Tuesday, June 30, 2020

We Got a New Pool -- How Much It Cost and What We Needed

Growing up I didn't really know anyone with a backyard pool. I mean, I knew people with baby pools, wading pools that anyone over the edge of 2 or 3 wouldn't really appreciate, definitely nothing an adult or teenagers could enjoy. I assumed that in order to have a real pool you needed to be extremely wealthy, so never even thought about having one.

Fast forward a bunch of years, and my friend Libby, who, while not extremely frugal, is pretty money conscious, and isn't "rich" by any stretch of the imagination, tells me that she has a pool that her whole family uses. I was shocked, because, as I mentioned, pools in my mind were for rich folk only. But Libby taught me that you could have an above ground pool that fits in your backyard, which you then put away for the winter, and it is pretty affordable.

And so, it was a dream of mine to get one once we had our own backyard. But things happened and it never was a priority and I never got around to getting one. And then corona happened, and with everyone more or less stuck at home (even once things are opened, just for comfort's sake) I decided that this summer I'd be getting one.

And then I went to my scratch and dent store, and what do you know- they were selling a 3 meter diameter, 1 meter deep, round pool, for a very affordable price. So I got it.

We set it up, but I honestly was clueless about what I actually needed, and how many more expenses there would be involved, so I turned to friends with pools and joined various Facebook groups to learn more.

Here's what I ended up needing for the pool, and how much it all cost me.

The pool itself cost $314 and it included the frame, the liner, a pump, and a safety ladder- more on that in a minute.

I bought a cover for $14, but honestly it seems like a waste, I'm not bothering to put it on most nights.

I asked people what I needed to put in the water to make it stay safe, and the two main options are chlorine and salt water, but salt water is much harder to do right, and in terms of chlorinating my pool the recommendation I got from my friends with pools is that with a pool this size I want chlorine tablets and a floater for it. I decided to buy a bunch of tablets at once, and they, together with a floater, and a skimming net cost me $54. I probably overbought the chlorine tablets, but this stuff doesn't go off, so if I use it for next year all is good.

Then I had some additional costs. I originally wanted to put my pool on the tiled area in my backyard, and thought that that would be a nice size for a pool, but surprise surprise, the pool was even bigger than the entire tiled area (I'm not complaining) so then I needed to do stuff to prepare the untiled area of my ground for the pool.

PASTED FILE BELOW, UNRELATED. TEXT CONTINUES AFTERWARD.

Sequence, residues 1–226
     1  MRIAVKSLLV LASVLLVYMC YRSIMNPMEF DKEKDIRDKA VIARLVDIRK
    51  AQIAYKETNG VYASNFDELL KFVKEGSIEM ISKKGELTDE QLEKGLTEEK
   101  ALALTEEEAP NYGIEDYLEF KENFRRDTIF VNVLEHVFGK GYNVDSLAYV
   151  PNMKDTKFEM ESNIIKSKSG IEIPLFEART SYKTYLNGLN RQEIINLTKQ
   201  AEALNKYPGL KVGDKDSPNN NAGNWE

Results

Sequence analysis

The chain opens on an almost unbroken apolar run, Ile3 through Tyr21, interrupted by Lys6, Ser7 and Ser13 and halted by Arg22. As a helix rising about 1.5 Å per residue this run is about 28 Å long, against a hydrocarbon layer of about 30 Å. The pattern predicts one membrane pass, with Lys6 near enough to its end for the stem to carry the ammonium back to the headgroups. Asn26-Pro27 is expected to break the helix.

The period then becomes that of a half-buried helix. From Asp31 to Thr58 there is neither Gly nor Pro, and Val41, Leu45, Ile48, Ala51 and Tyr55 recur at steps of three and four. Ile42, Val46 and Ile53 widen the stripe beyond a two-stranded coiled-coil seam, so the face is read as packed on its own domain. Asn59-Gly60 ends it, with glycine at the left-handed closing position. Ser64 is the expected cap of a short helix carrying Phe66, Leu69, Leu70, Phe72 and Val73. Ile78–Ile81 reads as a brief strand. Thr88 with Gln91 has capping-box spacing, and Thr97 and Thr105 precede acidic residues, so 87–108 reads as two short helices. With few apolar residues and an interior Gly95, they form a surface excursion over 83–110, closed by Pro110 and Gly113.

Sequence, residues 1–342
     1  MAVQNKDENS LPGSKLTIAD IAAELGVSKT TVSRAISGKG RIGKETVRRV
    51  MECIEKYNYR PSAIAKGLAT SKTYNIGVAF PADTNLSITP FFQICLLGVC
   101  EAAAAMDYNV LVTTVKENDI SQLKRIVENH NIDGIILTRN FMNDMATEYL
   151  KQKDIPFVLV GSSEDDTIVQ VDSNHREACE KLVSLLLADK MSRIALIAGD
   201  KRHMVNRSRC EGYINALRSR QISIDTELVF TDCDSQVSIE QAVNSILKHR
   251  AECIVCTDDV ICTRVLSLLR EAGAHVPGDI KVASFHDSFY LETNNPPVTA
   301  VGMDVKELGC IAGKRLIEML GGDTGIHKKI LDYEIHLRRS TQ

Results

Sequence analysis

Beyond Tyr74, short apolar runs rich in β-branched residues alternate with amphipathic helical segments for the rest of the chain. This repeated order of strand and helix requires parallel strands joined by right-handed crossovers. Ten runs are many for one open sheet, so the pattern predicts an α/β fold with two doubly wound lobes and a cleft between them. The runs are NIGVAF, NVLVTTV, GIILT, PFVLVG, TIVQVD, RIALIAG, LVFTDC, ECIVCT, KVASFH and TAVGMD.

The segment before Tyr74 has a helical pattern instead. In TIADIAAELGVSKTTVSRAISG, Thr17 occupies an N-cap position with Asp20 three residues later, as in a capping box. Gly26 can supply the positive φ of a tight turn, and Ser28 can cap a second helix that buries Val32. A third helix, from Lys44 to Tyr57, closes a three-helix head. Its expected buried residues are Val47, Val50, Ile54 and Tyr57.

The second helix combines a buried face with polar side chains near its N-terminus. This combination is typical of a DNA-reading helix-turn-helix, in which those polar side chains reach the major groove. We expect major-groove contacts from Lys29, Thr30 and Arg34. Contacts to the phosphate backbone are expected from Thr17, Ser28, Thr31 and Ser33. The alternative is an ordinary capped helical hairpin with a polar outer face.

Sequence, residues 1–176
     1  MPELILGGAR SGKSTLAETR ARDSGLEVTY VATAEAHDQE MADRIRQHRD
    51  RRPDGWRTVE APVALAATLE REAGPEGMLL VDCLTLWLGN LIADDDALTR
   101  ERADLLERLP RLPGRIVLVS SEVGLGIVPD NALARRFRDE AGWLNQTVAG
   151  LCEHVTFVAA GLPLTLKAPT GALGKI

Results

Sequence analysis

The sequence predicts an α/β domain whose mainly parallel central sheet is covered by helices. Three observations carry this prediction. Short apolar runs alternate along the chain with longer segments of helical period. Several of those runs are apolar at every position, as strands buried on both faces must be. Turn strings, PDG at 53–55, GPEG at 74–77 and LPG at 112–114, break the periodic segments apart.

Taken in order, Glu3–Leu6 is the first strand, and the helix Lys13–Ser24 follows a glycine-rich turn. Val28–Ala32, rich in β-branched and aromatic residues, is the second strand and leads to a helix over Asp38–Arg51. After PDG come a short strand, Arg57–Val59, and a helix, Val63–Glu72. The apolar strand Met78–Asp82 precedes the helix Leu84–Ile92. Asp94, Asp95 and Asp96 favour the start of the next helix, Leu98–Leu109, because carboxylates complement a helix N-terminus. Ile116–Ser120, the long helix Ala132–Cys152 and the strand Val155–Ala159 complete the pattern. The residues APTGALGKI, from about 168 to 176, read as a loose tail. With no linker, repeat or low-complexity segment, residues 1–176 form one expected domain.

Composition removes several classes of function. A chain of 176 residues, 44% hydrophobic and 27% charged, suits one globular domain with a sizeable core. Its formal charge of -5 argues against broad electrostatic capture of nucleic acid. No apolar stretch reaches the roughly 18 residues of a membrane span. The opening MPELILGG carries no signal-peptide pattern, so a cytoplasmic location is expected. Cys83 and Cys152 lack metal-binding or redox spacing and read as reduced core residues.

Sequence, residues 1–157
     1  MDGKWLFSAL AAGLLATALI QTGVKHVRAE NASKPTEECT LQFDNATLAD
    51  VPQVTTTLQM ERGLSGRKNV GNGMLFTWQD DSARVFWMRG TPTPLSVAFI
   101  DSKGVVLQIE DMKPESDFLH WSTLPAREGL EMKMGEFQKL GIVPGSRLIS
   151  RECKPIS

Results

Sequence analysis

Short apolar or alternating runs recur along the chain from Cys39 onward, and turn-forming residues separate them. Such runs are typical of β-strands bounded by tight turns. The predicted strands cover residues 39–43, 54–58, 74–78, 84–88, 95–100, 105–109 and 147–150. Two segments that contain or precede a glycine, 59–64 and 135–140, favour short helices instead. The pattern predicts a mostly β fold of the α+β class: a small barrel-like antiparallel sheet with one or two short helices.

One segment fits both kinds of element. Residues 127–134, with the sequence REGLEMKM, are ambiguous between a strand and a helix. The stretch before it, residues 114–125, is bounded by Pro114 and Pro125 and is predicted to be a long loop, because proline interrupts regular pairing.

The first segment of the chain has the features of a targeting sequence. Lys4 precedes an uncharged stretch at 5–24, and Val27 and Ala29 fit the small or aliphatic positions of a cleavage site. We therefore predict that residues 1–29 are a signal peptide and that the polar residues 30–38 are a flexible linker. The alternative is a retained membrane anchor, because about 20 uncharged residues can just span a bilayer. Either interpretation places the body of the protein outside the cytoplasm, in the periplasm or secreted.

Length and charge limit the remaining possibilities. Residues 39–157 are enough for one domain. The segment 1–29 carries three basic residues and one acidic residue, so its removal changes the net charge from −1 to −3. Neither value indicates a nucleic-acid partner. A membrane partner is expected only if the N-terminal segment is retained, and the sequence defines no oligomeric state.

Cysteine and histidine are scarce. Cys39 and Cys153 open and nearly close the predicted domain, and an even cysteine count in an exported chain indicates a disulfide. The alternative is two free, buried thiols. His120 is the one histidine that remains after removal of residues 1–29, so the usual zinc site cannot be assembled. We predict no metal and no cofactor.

I cleaned out the dirt and flattened the ground as much as I could, then lay down our synthetic grass on top of it (yes, I bought it last year but it took until I got a pool for me to actually lay it out). And then I set up the pool. Filled it up.

So isn't water expensive? Well, depends how much water you need to use. It took overnight to fill the pool. This pool has 7 cubic meter in it, and well our water bill is complicated. We have a certain allotment of water per family member living here, and once we go over our allotment it costs more. First allotment is $1.02 per cubic meter, so that would be $7.50 for the water, but second allotment costs $2.80 per cubic meter, so if we ended up using more than our allotted amount the pool would cost a vast $19.80 to fill. Really reasonable. Of course bigger pools will use more water, but even then it's not a ridiculous amount.

Ok, so after we filled it up, we saw that I hadn't cleaned the dirt under it well enough, since I felt things poking through, and I didn't want to chance anything poking a hole through, and the ground wasn't totally flat either like it should be, so I decided to let out the water and restart.

I looked into buying lots of sand or dirt delivered to my house to level my yard completely, but it was ridiculously overpriced, at least 300 dollars for a delivery of a huge amount, but no one delivered smaller amounts, and I didn't need anything major. So I decided to go to a gardening store and buy dirt there.